Claimant seeks a subpoena to compel the testimony of one C. Finchan, R.N., identified as a registered nurse at the Auburn Correctional Facility. Claimant anticipates that Nurse Finchan will be able to establish that on June 26, 1997, "after having received claimant in the medical unit for emergency care, she queried claimant and scheduled claimant for an appointment with the facility P.A. (presumably, physician's assistant), later that day, she again saw claimant, contacted Dr. Graceffo, and had claimant admitted into the facility infirmary to await examination by the P.A. . . . she again saw claimant on the 27th day of June, 1997, as claimant was being released from the infirmary per Dr. Graceffo." All factual assertions for which Nurse Finchan's testimony is sought should be readily available from Claimant's ambulatory health records and from Claimant's direct testimony, and, in any event, Claimant's summary of her prospective testimony does not demonstrate how the same relates to the remaining theories of liability. The request for a subpoena for her is denied.


With regard to the prospective testimony of Dr. Anthony Graceffo, Claimant urges that his testimony will establish certain facts relating to events at the Auburn medical unit on July 8 and 9, 1997, which seemingly can be established by the medical record, but also inferentially apply to the remaining theories of liability, perhaps including the purported delay in rendering medical treatment and violation of certain of the Defendant's own protocols. Defendant objects to this prospective testimony on the grounds that using such testimony merely to ratify that which is already in the ambulatory health records would be cumulative and redundant, and that to the extent that it might be utilized to attempt to establish medical malpractice, such would be moot because that cause of action has been dismissed. It is not clear whether Dr. Graceffo's prospective testimony may serve to clarify, albeit not ratify, certain ambulatory health records, and other protocols. Since it is my understanding that Dr. Graceffo is currently an employee of the Defendant's at the Auburn Correctional Facility, I direct the Defendant to have him available to testify at the trial herein without the necessity of a subpoena, and the Claimant's motion is granted to that limited extent.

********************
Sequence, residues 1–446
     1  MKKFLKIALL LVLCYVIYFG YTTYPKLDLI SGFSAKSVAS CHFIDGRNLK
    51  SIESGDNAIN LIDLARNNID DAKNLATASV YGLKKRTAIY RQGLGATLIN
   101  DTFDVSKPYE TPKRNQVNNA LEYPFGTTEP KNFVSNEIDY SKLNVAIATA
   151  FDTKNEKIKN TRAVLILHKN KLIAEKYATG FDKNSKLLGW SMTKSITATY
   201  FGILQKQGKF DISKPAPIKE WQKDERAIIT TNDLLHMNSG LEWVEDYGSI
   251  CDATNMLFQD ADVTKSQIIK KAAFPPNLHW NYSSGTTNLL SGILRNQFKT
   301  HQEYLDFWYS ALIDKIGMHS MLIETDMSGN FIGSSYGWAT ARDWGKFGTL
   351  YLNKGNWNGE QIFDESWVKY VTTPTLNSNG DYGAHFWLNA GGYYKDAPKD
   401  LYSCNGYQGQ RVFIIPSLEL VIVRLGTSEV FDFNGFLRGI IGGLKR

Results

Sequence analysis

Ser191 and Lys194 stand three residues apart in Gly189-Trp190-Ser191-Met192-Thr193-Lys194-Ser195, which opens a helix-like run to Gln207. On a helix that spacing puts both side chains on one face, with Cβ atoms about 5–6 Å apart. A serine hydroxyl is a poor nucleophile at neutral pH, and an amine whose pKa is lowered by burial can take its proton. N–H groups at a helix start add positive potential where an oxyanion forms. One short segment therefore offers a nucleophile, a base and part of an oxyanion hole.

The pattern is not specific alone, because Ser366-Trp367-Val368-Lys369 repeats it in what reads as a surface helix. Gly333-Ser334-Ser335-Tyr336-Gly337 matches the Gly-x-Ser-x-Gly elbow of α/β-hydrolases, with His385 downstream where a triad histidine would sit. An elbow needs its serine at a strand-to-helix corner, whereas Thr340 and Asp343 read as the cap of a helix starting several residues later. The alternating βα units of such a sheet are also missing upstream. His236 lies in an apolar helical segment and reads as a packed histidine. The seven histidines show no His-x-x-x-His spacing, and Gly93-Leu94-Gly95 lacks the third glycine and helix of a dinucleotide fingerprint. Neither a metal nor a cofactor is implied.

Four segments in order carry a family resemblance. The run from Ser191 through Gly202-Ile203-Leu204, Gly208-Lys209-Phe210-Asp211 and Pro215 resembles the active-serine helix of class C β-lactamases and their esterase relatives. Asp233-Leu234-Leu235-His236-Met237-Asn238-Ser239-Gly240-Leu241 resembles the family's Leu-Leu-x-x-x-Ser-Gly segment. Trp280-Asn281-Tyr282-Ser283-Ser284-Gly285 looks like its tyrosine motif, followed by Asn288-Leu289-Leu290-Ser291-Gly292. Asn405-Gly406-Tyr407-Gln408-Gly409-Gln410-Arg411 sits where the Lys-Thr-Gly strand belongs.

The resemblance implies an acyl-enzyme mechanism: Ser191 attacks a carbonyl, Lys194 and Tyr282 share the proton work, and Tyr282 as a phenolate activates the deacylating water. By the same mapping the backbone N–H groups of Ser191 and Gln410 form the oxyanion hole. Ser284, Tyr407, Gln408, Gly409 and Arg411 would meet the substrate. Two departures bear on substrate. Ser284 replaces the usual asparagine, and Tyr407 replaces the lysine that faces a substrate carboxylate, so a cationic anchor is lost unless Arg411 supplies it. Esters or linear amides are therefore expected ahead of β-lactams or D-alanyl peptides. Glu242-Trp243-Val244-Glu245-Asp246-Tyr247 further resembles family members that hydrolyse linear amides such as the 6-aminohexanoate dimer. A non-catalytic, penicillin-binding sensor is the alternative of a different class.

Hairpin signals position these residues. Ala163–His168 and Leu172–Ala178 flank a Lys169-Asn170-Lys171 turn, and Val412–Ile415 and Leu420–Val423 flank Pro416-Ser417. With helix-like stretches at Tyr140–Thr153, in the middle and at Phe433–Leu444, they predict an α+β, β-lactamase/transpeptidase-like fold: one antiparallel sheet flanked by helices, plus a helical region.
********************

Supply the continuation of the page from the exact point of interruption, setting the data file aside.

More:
Finally, with respect to Claimant's request for the production of certified copies of (a) "A" Block Log Book Entries for June 25, 1997; (b) Hospital Log Book Entries for June 15, 1997; (c) Main Yard Log Book Entries for June 25, 1997; (d) Log Book Entries from Chart Office documenting outside hospital trips, medical trips and the names of the Transportation Officer between July 9, 1997 through August 16, 1998, and (e) Any and all Log Book Entries documenting emergency sick call request, the reason for the request and the treatment rendered. Defendant objects to such requests as being irrelevant and immaterial to any claim of negligence. It also objects to the application as being improper, in the nature of discovery and not the proper subject of a subpoena application on the eve of trial. First with respect to item (d), I find the same to be totally irrelevant to the remaining theories of liability, and since medical malpractice has been dismissed and treatment at outside facilities is irrelevant to the remaining theories of liability (Rivers v State of New York, 159 AD2d 788, appeal denied 76 NY2d 701), this request is denied. As to item (e), I deny the request as it is too broad, undated and unspecific.